|Born||April 1st, 1878
|Died||March 9, 1937 (aged 58)
|Spouse(s)||Betty Goldschmidt (1910-1937, his death)|
Alfred Flechtheim (April 1, 1878 in Münster, Westphalia, † March 9, 1937 in London) was a German art dealer, art collector, journalist and publisher.
Early Years 
Flechtheim was born into a Jewish merchant family; his father, Emil Flechtheim, was a grain dealer. Alfred became a partner in his father's company after business internships in London and Paris.
Art Dealer 
Flechtheim appeared in the art world shortly after 1900, with a collection of paintings by Vincent van Gogh und Paul Cézanne; French Avant garde early works of Pablo Picasso, Georges Braque and Andre Derain; paintings of Wassily Kandinsky, Maurice de Vlaminck, Alexej von Jawlensky, Gabriele Münter, and the Rhein Expressionists Heinrich Campendonk, August Macke, Heinrich Nauen, and Paul Adolf Seehaus. Flechtheim opened his first gallery in Düsseldorf in 1913, followed by galleries in Berlin, Frankfurt, Cologne, and Vienna.
Later career 
Flechtheim served in the German Army during World War I, but not at the front. His art business collapsed during the war but he re-opened in Düsseldorf in 1919. In 1921 he founded Der Querschnitt (the Cross Section), a cultural magazine. Legendary, glamorous parties in Flechtheim's gallery overflowed with the glitterati of the new Berlin: movie stars, titans of finance, prizefighters and artists of every stripe.
Flechtheim and the Nazis 
As Hitler rose to power in the late 1920s and early 1930s, Flechtheim became a bête noire because of the art he espoused and championed. In 1933, Sturmabteilung men broke up an auction of Flechtheim's paintings. The Nazis aryanized Flechtheim's gallery, as they would many other Jewish businesses, and turned it over to Flechtheim's business manager, Alex Vömel. After the war, former party member Vömel said he didn't even remember who Flechtheim was. The Nazis seized and sold off Flechtheim's private collection, as well as the contents of his gallery.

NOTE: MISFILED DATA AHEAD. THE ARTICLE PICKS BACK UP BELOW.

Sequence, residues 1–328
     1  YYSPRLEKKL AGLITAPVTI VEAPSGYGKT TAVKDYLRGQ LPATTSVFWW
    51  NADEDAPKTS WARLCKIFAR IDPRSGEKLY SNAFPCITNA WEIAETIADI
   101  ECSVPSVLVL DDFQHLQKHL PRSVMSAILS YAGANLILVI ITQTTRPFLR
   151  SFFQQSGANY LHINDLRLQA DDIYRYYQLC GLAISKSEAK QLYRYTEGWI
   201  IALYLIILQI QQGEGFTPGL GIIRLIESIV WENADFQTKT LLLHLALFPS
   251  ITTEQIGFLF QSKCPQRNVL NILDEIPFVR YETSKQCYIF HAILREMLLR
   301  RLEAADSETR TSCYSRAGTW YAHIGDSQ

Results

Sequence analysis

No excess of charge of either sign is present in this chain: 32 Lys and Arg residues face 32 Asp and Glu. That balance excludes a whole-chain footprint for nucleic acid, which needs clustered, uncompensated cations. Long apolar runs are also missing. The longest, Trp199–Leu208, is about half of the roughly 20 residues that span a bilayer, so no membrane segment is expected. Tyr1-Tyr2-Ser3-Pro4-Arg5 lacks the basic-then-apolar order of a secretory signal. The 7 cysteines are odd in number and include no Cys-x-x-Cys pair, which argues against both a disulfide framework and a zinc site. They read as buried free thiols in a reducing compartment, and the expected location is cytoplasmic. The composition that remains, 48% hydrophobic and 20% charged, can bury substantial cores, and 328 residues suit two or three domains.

Emigration and Death 
Six months after the Nazis came to power in 1933, Flechtheim, penniless, fled to Paris, and tried to find work with his former business partner, Daniel-Henry Kahnweiler. Flechtheim subsequently organized exhibits in London of the paintings of exiled German artists. In London, Flechtheim slipped on a patch of ice, was taken to a hospital, punctured his leg on a rusty nail in his hospital bed, developed septicemia leading to amputation of his leg, and died.
Personal life 
Flechtheim married Betty Goldschmidt, a wealthy Dortmund merchant's daughter. On a honeymoon trip to Paris, Flechtheim invested Betty's dowry in cubist art, to the horror of his inlaws. The marriage was childless. Betty Flechtheim was with her husband in London during his final days. Then she returned to Berlin. In 1941, when she was ordered to report for deportation to Minsk, she ingested a lethal dose of Veronal. The Gestapo seized her art collection.
Recovery of artworks 
- DER SPIEGEL 26/2012 (25.06.2012) Kunst: Die Erben des legendären jüdischen Galeristen Alfred Flechtheim kämpfen um die Rückgabe wertvoller Gemälde
- Ottfried Dascher. "Es ist was Wahnsinniges mit der Kunst": Alfred Flechtheim. Sammler, Kunsthändler und Verleger. Nimbus (September 2011)
- Steven Lehrer. Wannsee House and the Holocaust. McFarland 2000, pp 36-47
- Stefan Koldehoff. Mit deutschen Grüßen. Die Welt June 30, 2010
- Nina Burleigh. Haunting MoMA: The Forgotten Story of ‘Degenerate’ Dealer Alfred Flechtheim. Gallerist New York